AUGUST 8, 2015—Tanker demand for crude and residual fuel products is expected to increase by 2.5% in 2015 from year ago levels as a reduction in oil prices and improving refining economics have stimulated demand, according to a report by marine transportation advisors McQuilling Services, LLC, New York, NY.
Called “The Mid-Year Tanker Market Outlook Update,” the report provides an outlook for monthly spot market freight rates and TCE revenues for 15 major tanker trades across eight vessel segments for the second half of 2015 and the remaining four years of the forecast period. This year McQuilling expanded its global trade flow coverage to 95% through additional data sourcing arrangements, enabling a more comprehensive view of global oil demand fundamentals and tanker trading patterns.
The report forecasts that clean tanker ton-miles are forecast to rise by 6.6% as lower gasoline prices have stimulated consumption among drivers while global arbitrage plays create a dynamic trading environment for products. McQuilling Services says its “analysis of fundamentals resulted in a mostly upward adjustment to our freight rate forecasts.”
A slight expansion of 0.8% in VLCC demand is anticipated for 2015 as the benchmark Middle East to Far East trade expands by 6.6% offsetting a decline of 25% in Middle East tanker flows to North America. Suezmax demand is projected to rise by about 10% as West African exports to both Southern and Northern European refiners accelerate and a long-haul fuel oil trade from Rotterdam to Singapore emerges. Demand for Aframaxes are expected to decline by about 1.5% this year as growing trade within the North American region is not enough to offset declines in the staple Northern European market.
The largest of the clean tankers, the LR2, will see demand increase by 3.5% in 2015 from year ago levels as refinery closures in Northern Europe have increased clean product flows from the Middle East and the Indian Sub-Continent to this region. With a market share of 20%, LR1 tanker demand will rise by 6.2%, as expanding refining capacity in the Middle East and other emerging markets, satisfying demand to Northern Europe and the Far East. MR2 ton-mile demand is expected to rise by 8.3% despite lower voyage lengths amid increased gasoline consumption from the U.S. and other Atlantic Basin consumers.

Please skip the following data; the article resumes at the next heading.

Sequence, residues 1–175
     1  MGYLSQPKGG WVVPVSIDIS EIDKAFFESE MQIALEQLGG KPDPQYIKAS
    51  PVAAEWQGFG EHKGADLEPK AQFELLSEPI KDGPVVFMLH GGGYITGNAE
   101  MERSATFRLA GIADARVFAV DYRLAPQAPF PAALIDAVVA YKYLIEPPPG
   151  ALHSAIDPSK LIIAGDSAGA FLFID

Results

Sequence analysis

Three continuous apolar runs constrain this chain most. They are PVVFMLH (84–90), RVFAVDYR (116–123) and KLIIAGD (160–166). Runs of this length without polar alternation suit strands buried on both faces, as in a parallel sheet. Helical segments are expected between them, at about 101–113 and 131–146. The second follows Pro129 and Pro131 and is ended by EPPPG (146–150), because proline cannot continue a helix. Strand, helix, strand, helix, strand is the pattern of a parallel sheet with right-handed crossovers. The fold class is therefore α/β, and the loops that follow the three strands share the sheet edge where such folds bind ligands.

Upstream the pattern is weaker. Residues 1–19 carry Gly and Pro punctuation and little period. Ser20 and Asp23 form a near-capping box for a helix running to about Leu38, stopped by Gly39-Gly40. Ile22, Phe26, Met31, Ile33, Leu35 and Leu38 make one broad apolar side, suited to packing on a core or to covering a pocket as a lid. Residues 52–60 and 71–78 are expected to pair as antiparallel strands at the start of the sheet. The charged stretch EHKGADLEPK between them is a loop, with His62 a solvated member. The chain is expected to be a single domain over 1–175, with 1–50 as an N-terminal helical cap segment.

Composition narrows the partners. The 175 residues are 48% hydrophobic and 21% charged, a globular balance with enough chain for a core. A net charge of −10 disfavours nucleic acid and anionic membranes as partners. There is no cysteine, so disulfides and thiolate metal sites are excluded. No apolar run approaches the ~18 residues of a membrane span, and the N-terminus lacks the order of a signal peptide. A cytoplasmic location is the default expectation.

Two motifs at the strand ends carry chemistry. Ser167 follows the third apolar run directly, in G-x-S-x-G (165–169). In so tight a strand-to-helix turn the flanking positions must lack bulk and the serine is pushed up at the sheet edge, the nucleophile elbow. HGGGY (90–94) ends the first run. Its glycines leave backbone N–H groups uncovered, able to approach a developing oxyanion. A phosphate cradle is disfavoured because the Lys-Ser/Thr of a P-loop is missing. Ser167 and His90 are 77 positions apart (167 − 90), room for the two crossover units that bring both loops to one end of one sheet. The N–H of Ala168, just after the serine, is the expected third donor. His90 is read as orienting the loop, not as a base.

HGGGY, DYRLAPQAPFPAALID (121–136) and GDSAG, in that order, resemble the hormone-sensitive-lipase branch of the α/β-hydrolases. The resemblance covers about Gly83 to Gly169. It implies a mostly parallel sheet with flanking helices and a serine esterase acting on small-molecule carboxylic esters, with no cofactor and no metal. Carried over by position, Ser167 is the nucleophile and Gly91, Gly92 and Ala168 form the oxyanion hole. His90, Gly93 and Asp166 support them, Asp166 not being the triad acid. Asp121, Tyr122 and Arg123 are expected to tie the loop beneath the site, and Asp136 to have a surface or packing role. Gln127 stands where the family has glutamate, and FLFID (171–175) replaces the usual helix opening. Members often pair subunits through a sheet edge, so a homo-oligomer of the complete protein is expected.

Global economic output will register 3.3% in 2015 and 3.8% in 2016 as a recovery in Europe joins stable growth in the United States. Chinese output is expected to remain around the official target of 7% in 2015 before declining to 6.3% in 2016 unless the Chinese government introduces stimulus programs.
Global oil demand is expected to rise by about 1.4 million b/d in 2015 from 2014 levels reaching 94 million b/d. Non-OPEC supply growth from North America will continue albeit at a more gradual pace, reaching 20 million b/d by 2016. OPEC will continue to produce above its production quota of 30 million b/d.
Global dirty fixture activity reached about 5,090 fixtures through July, a decline of roughly 7% year-on-year. The VLCC segment posted a 1% increase, while the Suezmaxes saw more-or-less the same amount of volume year-on-year. TCEs have been supported by lower bunker prices and the VLCC benchmark route, AG/Japan, has averaged roughly $63,000/day through July. The WAFR/UKC Suezmax trade has averaged about $40,700/day. The decline in fixing levels stemmed from the Aframax and Panamax classes, which fell by 16% and 7.5%, respectively.
Clean tanker spot activity has risen almost 30% year-on-year as the increase in refining capacity in the Middle East is supporting the smaller clean tankers. Robust naphtha demand in the Far East, particularly Japan, has been the driving force behind the LR2 and LR1 vessels. The LR2 segement posted a 19% increase in spot fixture volume year-on-year, while LR1s climbed 9%. Earnings on the AG/Japan route for these two classes have averaged $29,500/day and $24,800/day, respectively. MR2 spot activity rose 32% year-on-year, while MR1s climbed 52%.
The first half of the year saw net tanker fleet growth of 54 vessels. On the dirty side, we saw 30 vessels join the fleet, led by the Aframaxes. A total of nine dirty tankers exited the fleet this year. On the clean side, there have been 43 newbuilding deliveries, 60% of which were MR2 tankers. Just ten clean ships exited the trading fleet through July.
Newbuilding values were relatively unchanged in the first half of the year amid a strengthening U.S. dollar. Modern secondhand crude tankers were up between 10%-13%, while the 10-year old crude tankers were led by the Aframaxes, which were up 25%.
“We expect the older tankers to rise through the end of the year amid an improving earnings environment,” says McQuilling Services. “Secondhand clean tanker values were mixed with 10-year old LR1s down 11%, but LR2s were up 9%.”
McQuilling Services 2015 Mid-Year Tanker Market Outlook Update can be purchased at www.mcquilling.com/reports.html